Politics

Trump can use military funds for border wall during legal challenge, appeals court says

Key Points
  • President Donald Trump can use up to $3.6 billion earmarked for military construction projects while his administration challenges a lower federal court's injunction against tapping the funds for that purpose.
  • The 2-1 ruling by a panel of judges on the 5th Circuit Court of Appeals comes on the heels of a Supreme Court decision in July to stay a similar injunction issued by a California federal court judge
  • "This is a victory for the rule of law. We are committed to keeping our borders secure, and we will finish the wall," White House spokeswoman Stephanie Grisham said.
Construction begins along the U.S. border with Mexico where the new border wall will replace old fencing on August 23, 2019 in Calexico, CA.
Carolyn Van Houten | The Washington Post | Getty Images

President Donald Trump can use up to $3.6 billion earmarked for military construction projects while his administration challenges a lower federal court's injunction against tapping those funds for that purpose, a federal appeals court has ruled.

In a 2-1 ruling Wednesday, judges on the 5th Circuit Court of Appeals said plaintiffs in the case — El Paso County, Texas, and the Border Network for Human Rights — likely will be found to lack legal standing to challenge the use of the fund by the Trump administration.

The stay of the lower-court's ruling came six months after the U.S. Supreme Court issued a stay of a similar injunction from a California federal court judge, who had barred the Trump administration from building the wall with another $2.5 billion set aside for military use.

The 5th Circuit ruling Wednesday said the administration is "entitled to the same relief" granted by the Supreme Court in the case pending before the three-judge appeals panel.

The panel in its same ruling denied requests by the plaintiffs to expedite the administration's pending appeal of the lower-court ruling case and to hold oral arguments no later than March.

Final rulings on the legality of the use of the military funds for the planned border wall with Mexico will come later.

The president last February had declared a national emergency in order to tap defense funds for the border wall.

While the Senate had voted to block such use of those funds, the upper chamber of Congress lacked a veto-proof majority.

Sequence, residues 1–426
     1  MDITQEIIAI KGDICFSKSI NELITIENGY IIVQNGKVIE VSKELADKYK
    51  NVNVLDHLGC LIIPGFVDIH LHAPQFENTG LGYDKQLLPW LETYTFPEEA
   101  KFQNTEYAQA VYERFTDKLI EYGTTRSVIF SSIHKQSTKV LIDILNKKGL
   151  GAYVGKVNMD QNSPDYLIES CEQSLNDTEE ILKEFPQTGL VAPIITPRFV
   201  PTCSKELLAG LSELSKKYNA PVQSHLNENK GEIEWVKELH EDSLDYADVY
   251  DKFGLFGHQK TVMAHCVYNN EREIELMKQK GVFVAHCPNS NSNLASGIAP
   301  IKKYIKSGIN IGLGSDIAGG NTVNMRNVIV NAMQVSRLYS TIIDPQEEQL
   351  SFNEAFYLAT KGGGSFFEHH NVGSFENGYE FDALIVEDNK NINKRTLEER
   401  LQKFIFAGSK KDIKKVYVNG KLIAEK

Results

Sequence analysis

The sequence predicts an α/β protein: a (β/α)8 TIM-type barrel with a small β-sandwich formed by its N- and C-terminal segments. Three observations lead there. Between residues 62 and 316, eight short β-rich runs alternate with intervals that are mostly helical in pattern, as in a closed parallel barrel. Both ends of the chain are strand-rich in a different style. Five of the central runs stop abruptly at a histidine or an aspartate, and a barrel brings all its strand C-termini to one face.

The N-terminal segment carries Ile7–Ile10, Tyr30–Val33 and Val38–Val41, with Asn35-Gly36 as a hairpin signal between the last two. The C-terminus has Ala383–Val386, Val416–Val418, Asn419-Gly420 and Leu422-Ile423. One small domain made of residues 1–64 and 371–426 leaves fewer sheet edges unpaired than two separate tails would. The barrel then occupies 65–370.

Trump applauded the latest court ruling on Twitter.

White House press secretary Stephanie Grisham said in a statement that the appeals panel "has lifted an illegitimate nationwide injunction entered by a lower court, and in doing so has allowed vital border wall construction to move forward using military construction funds."

"This is a victory for the rule of law. We are committed to keeping our borders secure, and we will finish the wall," Grisham said.

Fernando Garcia, executive director of the Border Network for Human Rights, criticized the decision.

"A federal judge found that the use of military funds was an illegal act ... and it's very disappointing that the 5th Circuit would allow this illegality to continue," Garcia said.

He said the Trump administration had violated the Constitution by using funds for purposes that had not been approved by Congress.

"President Trump is not a king. He doesn't have the power of the purse," Garcia said.

"The other aspect of this decison is that it ignores the damage that [the wall project] has caused to the border community," he said. "It's created a lot of fear and anxiety in the people that live near the border."

Kristy Parker of Project Democracy, the group that had represented plaintiffs in the case, said, "It's unfortunate that the people of El Paso will continue to suffer harm while the government appeals, but we're confident that we'll prevail again in this next stage of litigation."

In a dissent to the ruling, Judge Stephen Higginson said he agreed with the panel's two other judges "that this matter presents 'a substantial case on the merits' and involves a 'serious legal question.'"

But, Higginson added, "I am unable to agree, without focused panel deliberation and discussion — possibly aided by dialogue with counsel — that the government presently has shown either a likelihood of success on the merits or irreparable harm in the absence of a stay."

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